IYOM2023 in Hindi: A new term, in the plural

5th in series on translation & the International Year of Millets

The name for the International Year of Millets in Hindi – अंतरराष्ट्रीय पोषक अनाज वर्ष (≈ anetreraasetriy posek anaaj vers) – is featured in a logo for the Year (at right, and in the collage image in the first post of this series), as well as in various articles (such as this long discussion of IYM2023 in Hindi). It translates as International Nutritious Grains Year.1

Although there are specific words for each of many millets in the languages of India, apparently none of them have a generic term to cover millets as a group. (If you use an online translation software, chances are that you’ll find “millet” and “millets” translated into Hindi with the word for pearl millet, बाजरा [≈ baajara]2).

In India, the term “coarse grains” or “coarse cereals” has been used in English and evidently also in Hindi translation to refer to millets in general (and also more broadly to millets, corn/maize, and barley – basically every grain that is not rice or wheat3). So when IYL2023 was announced in March 2021, a Hindi version of the name of the Year published online was अंतर्राष्ट्रीय मोटा अनाज वर्ष (≈ anetreraasetriy motaa anaaj vers), meaning literally International Coarse Grains Year.

In 2018, the Indian government had changed its designation for millets to “nutri-cereals,” which was seen as conveying a more positive message about these grains. However the rebranding has evidently taken a while to catch on. In 2020, for example, there was an article advocating for the change that had already been announced two years earlier. In any event, by the middle of 2021, official references to IYM2023 were using the current name, अंतरराष्ट्रीय पोषक अनाज वर्ष (International Nutritious Grains Year).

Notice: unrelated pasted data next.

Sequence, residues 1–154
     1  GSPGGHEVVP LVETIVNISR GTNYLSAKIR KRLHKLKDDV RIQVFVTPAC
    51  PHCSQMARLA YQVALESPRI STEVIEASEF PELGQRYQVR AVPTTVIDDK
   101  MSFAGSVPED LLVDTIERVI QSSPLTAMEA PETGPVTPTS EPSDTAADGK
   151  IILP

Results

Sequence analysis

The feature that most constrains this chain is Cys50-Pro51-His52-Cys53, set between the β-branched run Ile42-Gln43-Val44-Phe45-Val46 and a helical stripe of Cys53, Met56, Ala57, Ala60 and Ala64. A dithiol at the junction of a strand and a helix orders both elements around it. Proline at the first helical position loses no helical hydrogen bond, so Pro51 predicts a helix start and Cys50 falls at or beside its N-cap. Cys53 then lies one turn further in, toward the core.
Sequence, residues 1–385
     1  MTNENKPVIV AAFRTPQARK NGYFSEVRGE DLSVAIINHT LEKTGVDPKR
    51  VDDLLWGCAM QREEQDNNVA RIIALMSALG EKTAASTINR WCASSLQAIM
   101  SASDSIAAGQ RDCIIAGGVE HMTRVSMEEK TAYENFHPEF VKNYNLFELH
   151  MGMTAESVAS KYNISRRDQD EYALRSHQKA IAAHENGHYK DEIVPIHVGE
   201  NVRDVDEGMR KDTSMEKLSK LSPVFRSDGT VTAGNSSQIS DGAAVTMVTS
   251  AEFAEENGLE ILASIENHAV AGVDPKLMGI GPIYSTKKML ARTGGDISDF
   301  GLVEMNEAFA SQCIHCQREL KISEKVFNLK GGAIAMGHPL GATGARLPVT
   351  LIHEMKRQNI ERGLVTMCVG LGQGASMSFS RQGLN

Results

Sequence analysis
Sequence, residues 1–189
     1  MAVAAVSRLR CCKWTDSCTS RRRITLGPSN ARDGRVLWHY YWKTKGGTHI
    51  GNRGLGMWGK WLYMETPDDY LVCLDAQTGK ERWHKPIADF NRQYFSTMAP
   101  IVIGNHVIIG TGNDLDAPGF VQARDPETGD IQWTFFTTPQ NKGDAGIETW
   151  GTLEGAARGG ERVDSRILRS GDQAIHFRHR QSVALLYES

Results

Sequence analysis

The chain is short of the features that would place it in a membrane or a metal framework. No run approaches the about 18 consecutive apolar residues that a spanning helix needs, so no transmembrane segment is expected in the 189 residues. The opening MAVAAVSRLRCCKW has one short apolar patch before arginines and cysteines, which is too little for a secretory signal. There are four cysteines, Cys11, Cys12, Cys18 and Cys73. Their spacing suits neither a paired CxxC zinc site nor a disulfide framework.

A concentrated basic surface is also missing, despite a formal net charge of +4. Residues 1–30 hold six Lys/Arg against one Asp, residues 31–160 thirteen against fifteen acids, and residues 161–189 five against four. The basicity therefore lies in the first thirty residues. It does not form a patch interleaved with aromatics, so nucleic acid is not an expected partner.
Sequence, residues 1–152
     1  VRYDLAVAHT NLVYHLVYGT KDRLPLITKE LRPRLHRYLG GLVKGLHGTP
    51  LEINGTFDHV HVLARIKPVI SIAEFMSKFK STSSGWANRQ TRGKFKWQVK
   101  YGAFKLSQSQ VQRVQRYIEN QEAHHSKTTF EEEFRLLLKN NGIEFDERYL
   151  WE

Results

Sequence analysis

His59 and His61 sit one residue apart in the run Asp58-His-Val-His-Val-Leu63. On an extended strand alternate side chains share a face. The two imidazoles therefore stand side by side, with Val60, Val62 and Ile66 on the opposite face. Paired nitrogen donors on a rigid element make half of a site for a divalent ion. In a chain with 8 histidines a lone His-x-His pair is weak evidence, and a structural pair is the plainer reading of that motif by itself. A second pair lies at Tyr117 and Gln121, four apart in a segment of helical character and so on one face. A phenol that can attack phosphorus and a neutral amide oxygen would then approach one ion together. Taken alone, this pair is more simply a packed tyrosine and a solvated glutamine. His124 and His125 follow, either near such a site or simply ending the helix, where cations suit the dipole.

Altogether, this represents a novel path to recognizing the plurality of millets as one category, where the existing lexicon doesn’t have a generic word: Namely, using a new “umbrella” term, albeit binominal and rather technical, that reflects a national policy to promote production and consumption of millets in general.


  1. With thanks to those responding on LinkedIn to my recent question about this.
  2. This word is borrowed into English as “bajra.” I’ve also seen it on packages of products containing pearl millet as “bajri.”
  3. The term “coarse grains” is used by agricultural services in at least some English-speaking countries, as well as in a number of research publications. OECD defines it in this way: “Coarse grains generally refers to cereal grains other than wheat and rice — in the OECD countries, those used primarily for animal feed or brewing.”

Posts in this “IYOM2023 & translation” series:


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